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Singapore effort to fight haze ‘almost futile’

SINGAPORE — By the time Singapore’s fire-fighting team headed to Indonesia this month, “nothing short of an act of God”, like rain, could have stopped the fires altogether, said Minister for the Environment and Water Resources Masagos Zulkifli, as he urged early action so that such efforts do not become “almost a futile exercise”.

Singapore effort to fight haze ‘almost futile’

Members of Singapore's Air Force and Singapore's Civil Defence Force push a bambi bucket near a Chinook helicopter during preparation to fight forest fires on Oct 11, 2015. Photo: Reuters

SINGAPORE — By the time Singapore’s fire-fighting team headed to Indonesia this month, “nothing short of an act of God”, like rain, could have stopped the fires altogether, said Minister for the Environment and Water Resources Masagos Zulkifli, as he urged early action so that such efforts do not become “almost a futile exercise”.

Despite dousing 50 hotspots in two weeks in Indonesia, the area covered by the Singapore team recently was “miniscule” compared to the total area that had to be tackled, said Mr Masagos to reporters a day after he returned from meeting his Association of South-east Asian Nations (ASEAN) counterparts in Vietnam.

At the meeting, Mr Masagos had pushed for the requesting of international assistance early in the haze season to become standard practice, once an appropriate alert level is reached. The ministers agreed to it.

Earlier this month, after repeated rejections from Indonesia, Singapore’s offer of haze assistance — including a Republic of Singapore Armed Forces Chinook helicopter with a 5,000-litre heli-bucket — was accepted. The Singapore team returned last week after more than 10 days in Palembang.

Asked about Indonesian Coordinating Minister for Politics, Law and Security Luhut Binsar Pandjaitan reportedly saying that Singapore’s offer of one aircraft to help fight forest fires was “insulting”, Mr Masagos said some nuances in Bahasa Indonesia are lost in translation. He added: “It’s not about how many assets you put there. It’s how effective you can be and how early you can get activated, as well as how many other countries can contribute to make this a regionally sound way of addressing issues like this.”

Mr Masagos said the Malaysians worked out a standard operating procedure with alert levels, trigger points and actions on fire suppression.

According to a statement released after the ASEAN environment ministers met to review cooperation under the ASEAN Agreement on Transboundary Haze Pollution, Indonesia was tasked to establish the ASEAN Coordinating Centre for Transboundary Haze Pollution Control in a “timely” manner. ASEAN ministers suggested that the ASEAN Coordinating Centre for Humanitarian Assistance on disaster management be used, in the meantime, for quick suppression of fires.

“There should be an appropriate level at which any party affected by forest fires should get help. And then together in the region, we can gather assets and put out the fires early so that it becomes an effective way of working together,” said Mr Masagos. “This was not something we achieved in this current haze episode, almost a futile exercise but a discovery, nonetheless, that when help comes too late, it does not help at all.”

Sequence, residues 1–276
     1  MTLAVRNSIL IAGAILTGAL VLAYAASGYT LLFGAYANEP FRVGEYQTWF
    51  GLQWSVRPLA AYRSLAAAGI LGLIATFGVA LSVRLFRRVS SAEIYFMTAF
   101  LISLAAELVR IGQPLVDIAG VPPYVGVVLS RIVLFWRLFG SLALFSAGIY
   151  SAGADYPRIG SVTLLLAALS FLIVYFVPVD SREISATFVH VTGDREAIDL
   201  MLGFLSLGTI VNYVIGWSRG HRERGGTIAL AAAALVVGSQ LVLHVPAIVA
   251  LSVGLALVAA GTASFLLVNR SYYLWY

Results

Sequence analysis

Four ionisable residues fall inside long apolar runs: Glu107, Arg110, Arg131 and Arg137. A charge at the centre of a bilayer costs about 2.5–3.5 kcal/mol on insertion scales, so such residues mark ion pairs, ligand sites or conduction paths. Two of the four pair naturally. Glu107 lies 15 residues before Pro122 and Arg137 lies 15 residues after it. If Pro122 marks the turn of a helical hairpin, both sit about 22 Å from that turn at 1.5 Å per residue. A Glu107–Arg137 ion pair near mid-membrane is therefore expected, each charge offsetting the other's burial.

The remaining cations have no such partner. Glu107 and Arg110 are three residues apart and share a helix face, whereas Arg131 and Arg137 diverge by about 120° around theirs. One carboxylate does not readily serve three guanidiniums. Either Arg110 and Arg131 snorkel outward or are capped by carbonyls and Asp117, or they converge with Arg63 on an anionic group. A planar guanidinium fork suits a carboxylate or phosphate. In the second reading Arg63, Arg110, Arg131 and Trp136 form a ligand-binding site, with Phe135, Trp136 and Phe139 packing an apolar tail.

He welcomed Indonesian officials agreeing to “jumpstart” discussion of Singapore’s Memorandum of Understanding on haze mitigation in Jambi in December.

Indonesian Environment and Forestry Minister Siti Nurbaya Bakar did not attend the ministers’ meetings this week but Mr Masagos said he hopes to meet her as soon as possible, and persuade her to share information, such as the identity of directors of relevant companies. Such help from Indonesia would help to broaden the impact of Singapore’s Transboundary Haze Pollution Act.

Yesterday (Oct 29), the World Resources Institute said that emissions from this year’s fires have reached 1.62 billion metric tonnes of CO2, bumping Indonesia from the sixth-largest emitter in the world up to the fourth-largest in just six weeks.

Mr Masagos reiterated that Singapore is not interested in taking its friends to task, but is focused on companies with “egregious behaviour”. Despite air quality improving in recent days, consumers should buy from environmentally responsible companies and not let their guard down. With greater attention on them, some companies have become more worried about their reputation and access to capital and markets, Mr Masagos added.

Separately this week, Asia Pulp and Paper – one of the companies from which the Singapore authorities have requested information – provided an update on its fire management in South Sumatra. It is helping Indonesia’s National Disaster Management Agency (BNPB) by supplying two water-bombing planes with 12,000-litre capacity to South Sumatra, and its suppliers are blocking canals to increase water levels in critical areas of operation.

APP previously announced it would retire 7,000 hectares of plantations in Riau and South Sumatra to protect peatlands — carbon-rich wetlands that burn easily when drained.

APP’s sister company, Singapore-listed palm oil company Golden-Agri Resources also told TODAY that less than 0.5 per cent of its 484,500 hectares of plantations in Kalimantan and Sumatra has been burnt this episode. In Riau province, the proportion is even smaller, at 0.007 per cent, said Mr Agus Purnomo, its managing director, Sustainability and Strategic Stakeholder Engagement. The low percentage of burnt land is because the company is not opening up new land for plantations, instead working with small farmers who want to develop their land without burning.

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